First look: Visual Studio 11 beta leaner, meaner for Metro

Metro-style development support and monochrome obsession are featured in Microsoft's all-encompassing Windows development tool

Microsoft's Visual Studio is more than just an IDE. It's the official developer tool for Microsoft's platform, and new releases tie in with major changes in Windows. Visual Studio 11, now in beta, includes support for the Windows Runtime (WinRT), the engine that powers the new Metro-style, tablet-friendly user interface in Windows 8. As the tool for building Metro apps, Visual Studio 11 plays a critical role in the success or failure of the new Windows.

The scope of the product goes far beyond Metro, of course. Visual Studio comes out of the box with support for several languages, including Visual Basic, Visual C#, Visual F#, C/C++, and JavaScript. Project types include desktop and Metro-style Windows, various types of ASP.Net Web applications, Microsoft Office add-ins, SharePoint 2010 applications, Silverlight, and more.

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Windows Azure, Microsoft's cloud platform, will also be supported but does not work in the beta. Microsoft's challenge is in managing all the dependencies, including the Azure emulator, and integration with the local Internet Information Services Web server, as well as Azure itself. Lack of support in the beta is disappointing, though no doubt all will come together in the final release. Azure is not an easy platform to try out, which partly explains its slow adoption; this is another small misstep.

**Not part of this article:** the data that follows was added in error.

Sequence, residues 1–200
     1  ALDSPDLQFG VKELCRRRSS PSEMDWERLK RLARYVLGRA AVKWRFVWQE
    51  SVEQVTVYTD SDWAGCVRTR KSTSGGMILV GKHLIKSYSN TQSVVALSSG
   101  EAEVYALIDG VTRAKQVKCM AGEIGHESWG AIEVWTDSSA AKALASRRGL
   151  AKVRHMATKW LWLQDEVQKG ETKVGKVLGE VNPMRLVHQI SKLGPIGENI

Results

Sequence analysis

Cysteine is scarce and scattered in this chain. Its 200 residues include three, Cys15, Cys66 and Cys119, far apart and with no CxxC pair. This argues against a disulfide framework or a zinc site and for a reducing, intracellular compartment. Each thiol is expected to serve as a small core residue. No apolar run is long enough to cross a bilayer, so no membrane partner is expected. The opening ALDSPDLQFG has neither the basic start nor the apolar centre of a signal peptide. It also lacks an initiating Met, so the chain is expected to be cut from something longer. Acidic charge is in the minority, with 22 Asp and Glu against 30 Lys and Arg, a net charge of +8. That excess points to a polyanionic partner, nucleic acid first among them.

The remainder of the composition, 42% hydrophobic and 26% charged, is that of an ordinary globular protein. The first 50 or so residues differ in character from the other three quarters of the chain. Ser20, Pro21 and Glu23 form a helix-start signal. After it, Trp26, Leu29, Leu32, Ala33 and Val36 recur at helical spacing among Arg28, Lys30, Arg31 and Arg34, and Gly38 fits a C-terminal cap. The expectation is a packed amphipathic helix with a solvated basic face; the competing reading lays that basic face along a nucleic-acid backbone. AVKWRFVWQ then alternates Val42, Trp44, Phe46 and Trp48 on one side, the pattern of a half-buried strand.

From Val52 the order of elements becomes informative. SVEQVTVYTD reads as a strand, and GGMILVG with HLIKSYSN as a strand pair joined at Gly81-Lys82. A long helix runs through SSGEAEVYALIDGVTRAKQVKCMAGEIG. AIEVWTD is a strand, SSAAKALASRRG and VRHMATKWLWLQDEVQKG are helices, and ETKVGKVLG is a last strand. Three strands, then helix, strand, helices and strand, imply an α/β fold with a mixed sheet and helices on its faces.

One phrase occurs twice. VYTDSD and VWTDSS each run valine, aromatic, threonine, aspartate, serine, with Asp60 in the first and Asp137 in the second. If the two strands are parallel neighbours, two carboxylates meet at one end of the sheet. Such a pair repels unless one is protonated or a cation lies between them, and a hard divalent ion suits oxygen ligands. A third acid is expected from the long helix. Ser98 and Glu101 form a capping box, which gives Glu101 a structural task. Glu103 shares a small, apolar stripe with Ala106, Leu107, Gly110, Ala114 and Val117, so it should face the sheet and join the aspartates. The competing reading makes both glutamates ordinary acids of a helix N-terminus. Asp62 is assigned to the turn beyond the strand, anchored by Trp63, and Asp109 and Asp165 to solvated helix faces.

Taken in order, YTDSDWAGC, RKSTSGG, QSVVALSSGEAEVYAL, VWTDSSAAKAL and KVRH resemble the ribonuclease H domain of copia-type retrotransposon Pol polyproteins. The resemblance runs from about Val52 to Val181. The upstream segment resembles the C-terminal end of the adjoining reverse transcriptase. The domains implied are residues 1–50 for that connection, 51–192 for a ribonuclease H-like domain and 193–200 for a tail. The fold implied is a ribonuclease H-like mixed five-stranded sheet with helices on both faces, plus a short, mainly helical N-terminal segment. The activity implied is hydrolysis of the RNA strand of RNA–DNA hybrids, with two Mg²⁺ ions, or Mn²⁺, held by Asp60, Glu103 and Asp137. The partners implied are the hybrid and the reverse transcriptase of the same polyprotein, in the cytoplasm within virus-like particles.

Visual Studio has been gradually reworked in its last few versions so that it's easier to extend and modernize its user interface. Visual Studio 2010 was the first to use Windows Presentation Foundation (WPF) for the editor and most of the user interface, a move that was largely successful; it even improved WPF itself as the team addressed bugs and performance issues. Microsoft has added package management to Visual Studio, with the open source NuGet project.

Now with version 11, Microsoft has given Visual Studio a Metro makeover in keeping with the new style of Windows, though the IDE remains of course a desktop application. The designers have also picked a largely monochrome color scheme, apparently to showcase the color in the apps themselves, a move that has not gone down well with developers. The top two complaints in the official feedback forum are to bring back color toolbars and to abandon all-caps for the toolbox titles. Though they're merely cosmetic, the complaints are valid and Microsoft has marked the issue as "under review." Performance of the beta IDE is good and that matters more.

Welcome to Visual Studio 11, with its new Metro and monochrome design.
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